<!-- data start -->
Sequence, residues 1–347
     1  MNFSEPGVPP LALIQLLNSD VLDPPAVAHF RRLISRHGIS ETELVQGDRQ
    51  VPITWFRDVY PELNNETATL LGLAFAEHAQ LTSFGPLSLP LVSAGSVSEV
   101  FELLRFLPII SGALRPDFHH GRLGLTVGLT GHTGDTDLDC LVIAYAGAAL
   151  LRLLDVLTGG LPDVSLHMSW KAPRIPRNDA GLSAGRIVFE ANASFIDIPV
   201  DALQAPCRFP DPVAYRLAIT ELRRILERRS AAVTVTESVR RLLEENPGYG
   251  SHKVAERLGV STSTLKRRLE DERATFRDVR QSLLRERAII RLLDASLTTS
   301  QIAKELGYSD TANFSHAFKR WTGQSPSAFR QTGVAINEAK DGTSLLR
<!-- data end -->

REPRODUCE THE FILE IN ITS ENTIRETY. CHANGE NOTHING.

Sequence, residues 1–347
     1  MNFSEPGVPP LALIQLLNSD VLDPPAVAHF RRLISRHGIS ETELVQGDRQ
    51  VPITWFRDVY PELNNETATL LGLAFAEHAQ LTSFGPLSLP LVSAGSVSEV
   101  FELLRFLPII SGALRPDFHH GRLGLTVGLT GHTGDTDLDC LVIAYAGAAL
   151  LRLLDVLTGG LPDVSLHMSW KAPRIPRNDA GLSAGRIVFE ANASFIDIPV
   201  DALQAPCRFP DPVAYRLAIT ELRRILERRS AAVTVTESVR RLLEENPGYG
   251  SHKVAERLGV STSTLKRRLE DERATFRDVR QSLLRERAII RLLDASLTTS
   301  QIAKELGYSD TANFSHAFKR WTGQSPSAFR QTGVAINEAK DGTSLLR